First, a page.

Matrimoni Napoletani,  Central Hall Manegge, San Pietroburgo 2003

L’isola al di là del mare,  Masedu-Museo Arte Contemporanea, Sassari 2003

Matrimoni napoletani,  Palazzo Frisacco, Tolmezzo 2002      

Piazze d’Italia,  Berlino 2002

Palestina 1987-1997,  Exmà, Cagliari 2002

The Palio,  Studio Gallery, London 2002

Palestina,  Galleria Archivio Fotografico Toscano, Prato 2000

Gli occhi della guerra,  Scavi Scaligeri, Verona 2000

Afghanistan,  Galleria Cascina Grande, Rozzano (Mi) 1999

Matrimoni napoletani,  Chiesina dell’Ospedale, Meldola 1999

Matrimoni napoletani,  Fortezza da Basso, Firenze 1998

Occhi che raccontano,  Galleria San Fedele, Milano 1997

Matrimoni napoletani,  Galleria Franca Speranza, Milano 1997

Immagini dal 1980 al 1996,  Galleria Cascina Grande, Rozzano (Mi) 1996

Palestina,  Chiesina dell’Ospedale, Meldola 1996

Palestina anno zero,  Galleria Il Diaframma, Milano 1994

Gulfwar Fotogiornalismo oggi,  Palazzo Galasso, Trento 1993

Palestina,  World Council of Professional Photographers 1988/89

Palestina: il dramma di due popoli,  Galleria IF, Milano 1989

Naples: Camorra,  Festival de la photo, Perpignan (France) 1989

Israele:  I fotografi del Venerdì di Repubblica, Galleria Il Diaframma, Milano 1988

Palio,  Palazzo Pubblico, Siena 1988

Mostra collettiva,  EXPO Bari, 1987

Napoli ieri oggi domani,  Sicof , Milano 1987

Naples,  Istituto italiano di Cultura,  Rio de Janeiro (Brasil) 1987

Chi troppo, chi niente,  Palazzo Civico, Genova 1986

Il fotoreportage,  Palazzo Civico, Teolo (PD) 1986

Naples,  Universitad Popular - Casa de Cultura Puebla, Mexico 1986

Mattanza,  Palazzo Dugnani, Milano 1983

Afganistan,  Palazzo Lanfranchi, Pisa 1983

Afganistan,  Galleria Il Diaframma, Milano 1982





Text written by Carlo Verdelli:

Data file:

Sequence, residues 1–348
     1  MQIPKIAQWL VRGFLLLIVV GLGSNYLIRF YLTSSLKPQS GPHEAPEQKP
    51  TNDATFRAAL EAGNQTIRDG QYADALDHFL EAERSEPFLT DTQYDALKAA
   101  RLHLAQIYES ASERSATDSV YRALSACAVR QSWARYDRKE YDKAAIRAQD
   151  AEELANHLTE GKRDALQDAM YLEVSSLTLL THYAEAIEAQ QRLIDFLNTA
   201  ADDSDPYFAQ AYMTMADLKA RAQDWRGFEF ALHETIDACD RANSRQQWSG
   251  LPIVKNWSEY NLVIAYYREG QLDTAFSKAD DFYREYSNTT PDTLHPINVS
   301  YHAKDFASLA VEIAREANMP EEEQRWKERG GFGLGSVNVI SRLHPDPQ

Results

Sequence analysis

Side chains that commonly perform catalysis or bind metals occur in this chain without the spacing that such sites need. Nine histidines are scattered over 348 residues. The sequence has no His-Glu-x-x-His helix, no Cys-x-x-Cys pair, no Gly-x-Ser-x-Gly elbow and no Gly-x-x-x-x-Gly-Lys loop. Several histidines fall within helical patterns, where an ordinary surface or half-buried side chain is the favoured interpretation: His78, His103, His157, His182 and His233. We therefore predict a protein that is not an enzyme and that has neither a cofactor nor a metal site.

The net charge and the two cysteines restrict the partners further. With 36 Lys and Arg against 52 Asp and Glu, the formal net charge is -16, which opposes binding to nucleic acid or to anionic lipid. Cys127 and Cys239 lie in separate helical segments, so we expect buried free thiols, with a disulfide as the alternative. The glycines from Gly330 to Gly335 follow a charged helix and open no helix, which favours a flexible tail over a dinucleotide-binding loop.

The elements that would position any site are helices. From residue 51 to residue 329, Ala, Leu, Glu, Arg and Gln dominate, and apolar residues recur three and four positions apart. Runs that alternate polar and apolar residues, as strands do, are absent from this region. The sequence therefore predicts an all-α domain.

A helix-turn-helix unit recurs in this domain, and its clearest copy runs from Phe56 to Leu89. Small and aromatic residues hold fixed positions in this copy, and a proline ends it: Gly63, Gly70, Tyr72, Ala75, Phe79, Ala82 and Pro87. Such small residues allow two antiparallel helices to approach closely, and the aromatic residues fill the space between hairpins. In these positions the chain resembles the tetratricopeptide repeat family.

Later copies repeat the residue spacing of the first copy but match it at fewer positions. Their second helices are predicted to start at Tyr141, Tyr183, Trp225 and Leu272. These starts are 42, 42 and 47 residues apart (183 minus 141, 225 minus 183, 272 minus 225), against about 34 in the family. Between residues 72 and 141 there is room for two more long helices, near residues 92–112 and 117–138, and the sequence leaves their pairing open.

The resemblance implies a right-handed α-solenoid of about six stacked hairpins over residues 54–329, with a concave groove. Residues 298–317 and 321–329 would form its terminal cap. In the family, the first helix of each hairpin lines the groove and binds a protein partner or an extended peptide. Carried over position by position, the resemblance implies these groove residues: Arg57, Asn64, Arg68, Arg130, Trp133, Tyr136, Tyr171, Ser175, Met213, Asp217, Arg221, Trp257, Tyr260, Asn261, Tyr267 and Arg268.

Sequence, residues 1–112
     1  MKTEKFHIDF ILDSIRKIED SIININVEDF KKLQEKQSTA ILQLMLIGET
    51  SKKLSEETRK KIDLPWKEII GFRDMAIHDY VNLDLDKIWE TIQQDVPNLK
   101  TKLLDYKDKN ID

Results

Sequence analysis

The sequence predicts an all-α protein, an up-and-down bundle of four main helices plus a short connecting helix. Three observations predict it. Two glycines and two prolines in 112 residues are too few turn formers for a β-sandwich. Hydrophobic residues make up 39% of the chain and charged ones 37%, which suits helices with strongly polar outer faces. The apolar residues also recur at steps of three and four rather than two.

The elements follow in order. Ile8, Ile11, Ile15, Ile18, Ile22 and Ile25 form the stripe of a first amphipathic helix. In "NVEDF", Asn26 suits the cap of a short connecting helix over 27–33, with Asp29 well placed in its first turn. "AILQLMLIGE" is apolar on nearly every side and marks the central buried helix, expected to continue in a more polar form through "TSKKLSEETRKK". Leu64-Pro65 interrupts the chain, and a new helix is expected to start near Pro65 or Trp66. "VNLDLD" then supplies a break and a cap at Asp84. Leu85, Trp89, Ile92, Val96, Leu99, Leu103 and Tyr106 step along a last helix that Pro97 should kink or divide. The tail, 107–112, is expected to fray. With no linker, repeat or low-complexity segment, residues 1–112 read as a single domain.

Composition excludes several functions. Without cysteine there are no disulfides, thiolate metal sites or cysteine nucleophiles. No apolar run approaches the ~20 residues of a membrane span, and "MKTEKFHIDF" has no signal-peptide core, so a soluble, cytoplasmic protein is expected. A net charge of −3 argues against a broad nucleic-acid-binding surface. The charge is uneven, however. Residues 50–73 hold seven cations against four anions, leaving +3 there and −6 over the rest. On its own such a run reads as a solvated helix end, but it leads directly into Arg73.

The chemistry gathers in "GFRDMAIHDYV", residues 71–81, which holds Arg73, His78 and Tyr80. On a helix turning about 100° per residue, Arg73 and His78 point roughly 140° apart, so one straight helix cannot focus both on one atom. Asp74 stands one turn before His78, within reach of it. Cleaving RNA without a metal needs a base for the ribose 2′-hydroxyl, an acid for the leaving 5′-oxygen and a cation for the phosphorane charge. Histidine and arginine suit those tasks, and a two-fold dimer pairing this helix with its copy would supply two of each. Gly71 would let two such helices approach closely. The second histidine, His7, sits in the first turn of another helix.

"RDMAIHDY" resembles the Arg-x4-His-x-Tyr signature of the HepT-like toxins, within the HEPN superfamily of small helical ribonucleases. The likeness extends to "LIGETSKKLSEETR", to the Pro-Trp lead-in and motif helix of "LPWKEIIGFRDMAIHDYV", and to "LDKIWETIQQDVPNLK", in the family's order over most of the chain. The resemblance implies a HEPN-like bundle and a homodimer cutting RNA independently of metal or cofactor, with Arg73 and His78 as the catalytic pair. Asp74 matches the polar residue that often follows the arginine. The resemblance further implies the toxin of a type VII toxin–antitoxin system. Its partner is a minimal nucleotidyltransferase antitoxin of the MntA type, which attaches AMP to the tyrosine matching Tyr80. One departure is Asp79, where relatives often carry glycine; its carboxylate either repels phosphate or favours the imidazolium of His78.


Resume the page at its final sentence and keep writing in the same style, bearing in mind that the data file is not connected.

"According to Ferdinando Scianna, Francesco Cito is one of the best Italian photojournalists. Although it may seem blasphemous or paradoxical I cut out five letters to the solemn praise: Francesco Cito is one of the best Italian journalists. I removed "photo", just five letters, and try to explain the reason for this apparent provocation. Francesco Cito, born in Naples, May 5, 1949, 65 years old, long hair, thin beard and mustache that pinches often with the fingers, so often that it has become a tic, is a great photographer, and with a long, honorable career which rightly this exhibition pays tribute to, is like saying that Maradona was a football ace or Paolo Sorrentino an Oscar film director (I quote two of you so much for "Neapolitan"). We know that Cito is a photographer, we are witness to 40 years of work, of shots, of published images everywhere in Italy, but also elsewhere: Sunday Times Magazine, Observer, Stern, Figaro, Paris Match, Life. There are reports that made him famous, award-winning like, unforgettable, the neapolitan marriage or that of the madness and crazy crowd at the Palio di Siena, which has earned him the first place at the World Press Photo 1996 . Or, the long work on smugglers Neapolitans, and long mean months of uninterrupted attendance in the area of Saint Lucia, together with the police raids, travels on boats of pirates of the sea: this has a special value for Cito, it was his debut in the world of the picture that counts and tells, published in the Sunday Times Magazine, the beginning of his adventure with a bottle of champagne. I do not add to the list the patient and dangerous work on the Camorra: Cito being "also" a denounces photographer,  it goes without saying that in his and our album there is, and there is also that this report has made history. Of course, in the "Cito's way", there are trips where the earth is burning, and you would more quickly say where he is not gone. Imagine a map of war and the pain from the eighties onwards (from Afghanistan to Lebanon, to the territories of Palestine, from Kosovo to Bosnia to Arabia post invasion of Kuwait, from Beirut to Sarajevo, from the trenches to the extreme city equally extreme) imagine the map and you will find him, you will always find him, a dot with a kind of green military jacket, moving among the rubble, deads and survivors with the invisibility of an angel. "Invisibility of an angel" may seem a rhetorical expression and perhaps improper for a person who does not have much in the physical traits of the angelic. Yet it is a definition that has its own truth. Net of technical and aesthetic philosophy, the work of Cito moves on three coordinates: fatigue, closeness, respect. To tell a story, whatever it is, you have to get into it. And to get into it, do not just knock a door. You have to have the patience to go around, find the right key that seldom is the first you're going to get around, tire your legs and eyes and head in fury to move, see, observe, try to understand. This is the fatigue. Then you have to go in, as much as possible to shorten the distances, take the risks involved, in risk situations, or take the necessary countermeasures, in cases (let's call them) with different humanity, not to invade with your presence the spirit of the scene . Here the closeness. And then there's the respect, which is a category that is not learned or that imposes itself through a discipline or technique. The respect you've got it in and cultivate it, maybe you improve it growing, but you can not buy. Any photo made by Francesco Cito, even the most terrible and tragic, is marked by respect, whatever the object placed in the viewfinder. Even in its image perhaps more extreme, a man with the gun slung exhibiting the severed head of an enemy in Afghanistan, there is still all the horror of bloodshed but, together, not even a hint of complacency or of performance indecent. Indecent is war, not the photo that stops a splint, as inhumane. Not surprisingly, in one of his not very frequent interviews, Francesco Cito explains the compass needle that moves, that has moved since, in his early twenties, he bought his first Nikon F2 and took his first steps in London and remained with odd jobs to Harrod's, or in nightclubs. The phrase that explains all or most of the work of Cito says: "I'm mostly attracted by man in all its forms, I hardly have photographs where there isn't the presence of man. The landscape end in itself, the so-called still life, rather than the object itself, I catch up at some point, unless in the context there is a man or still a living presence. I care that there is life, pulse, movement. "Movement, pulse, life: a summary of the years of Epoca, which was the only authentic Italian weekly magazine to give dignity to photography, understood not as a side dish or furnishing of a paper but as an integral part of a story, sometimes as a narrative self-sufficient, with the text right to hold up the tail of the talking pictures. That's where I met Francesco Cito. He was a freelance, he always has been, allergic to employment: an absolutely reliable professionist (in the sense that he would never come back without having brought home the service for which he left) but just as biologically unfit to be framed in something, even if it were an editorial loved like that. Loved from the very young age, when Francesco Cito was passionate about the adventures of Walter Bonatti phenomenal published by Epoca. (of course, photos and text: in that order). It was a school, that of Epoca. And it was also a team, not so much of journalists but photographers. The only italian newspaper to have photographers in staff, regularly employed, an unbeatable patrol: Mauro Galligani, Giorgio Lotti, Nino Leto (when I was there), and then Mario De Biasi, Sergio Del Grande, Walter Mori, Vittoriano Rastelli. The italian "Life" became also for Cito the best harbor dock where to start and come back. On those pages he has published many of the photographs found in books of collections dedicated to him or where he worked. That newspaper, Epoca, as you know, does not exist anymore, it died long before the publishing crisis and laziness of publishers will certify the actual end, in 1997, to 47 years of life. Died young, died in the spirit before the newsstands, plagued by changes in some cases brainy which had the greatest guilt of betraying the original DNA. Every newspaper, like every human being, grows, evolves, changes. But if it betrays its roots, its DNA is bound to pay it: because the nature rebels and readers do not understand it anymore. This is not the venue nor the time to think about the state of publishing nor crying tears useless on what has been and could still be. (better yet: it might still be). Amen, point and head. A culture has changed, from the Gutenberg galaxy we moved to Zuckerberg galaxy. Which means many things on which I will not bore you, except one: the change of a civilization does not erase the quality produced in the previous one. Simply it carries it. And not as a witness or a reminder of how we were, not as a gift, but as fertile and fruitful leaven to continue to tell the world with a gaze able to grasp the new, and otherwise incomprehensible dimensions. I think Francesco Cito is a good example of a person who has dedicated his life to tell the world. And to tell worlds that change. His signature style is clean, the essentiality of the image, the lack of frills or disorders. And behind this apparent linearity, behind the lack of special effects, more or less, there is an emotional power that comes along even in a wedding scene. There is something more modern, more contemporary in this choice? If you look at the window which opens the largest search engine universe, Google, you will realize that essentiality is the true figure that counts in the revolutionary time we are living: a blank page, a rectangle to type in anything, and write. Stop. But the algorithm hidden which moves and directs your research is one of the most complex and efficient that the human mind has conceived. A huge engine behind a mere facade. The only difference is that in Google there is no love or sentiment. In the small-big Cito universe, yes. Stand a few minutes in front of one of his images, your heart will start to beat differently, and blood to make bubbles. It took him patience to build those visions with the engine of passion hidden inside, behind; put a little patience you too to watch and let the hidden power will touch you, from the eye to the soul. Among the many luxuries that surely he denied himself in life, Cito granted himself one: the freedom to choose. For example, the black and white instead of color. He explains: "It may seem strange, but at the beginning I photographed in color. Then I realized that the color distorts a little, in the sense that the viewer ends up being attracted by the more general context  rather than the subject. In general, the black and white is more difficult, do not allow shortcuts, pretend that you create a building with no tricks or deception, does not leave you room to fix it up. Francesco Cito is one that never fixed it up. And his great merit, his trademark but also, and I say with affection, the thin and unstable thread he has chosen to walk a hundred meters high, suspended between the skyscrapers of life. Had he been a little more 'cunning', he could have adapted a bit more to the market and to the merchants,  he would now enjoy years, economically, more serene. But everyone is what it is and makes no use of good advices. What is certain is that Francesco Cito helped the Italian journalism to be better. For this, at first, I took off those five letters: journalist instead of photo-journalist. I think the difference between using the verbal and the visual is in the ability of those who tell, not in the middle they use. If I had to choose, among a thousand, a picture of him hanging in my room more secret, I would take the one entitled "The bride and her sister", taken in Naples in 1994, twenty years ago. Alone itself  is worth by intensity and truth, a bestseller of Saviano on South or a study of Alberoni, Mancuso or Recalcati on mysterious mechanisms of love. The written word can resign. " Carlo Verdelli.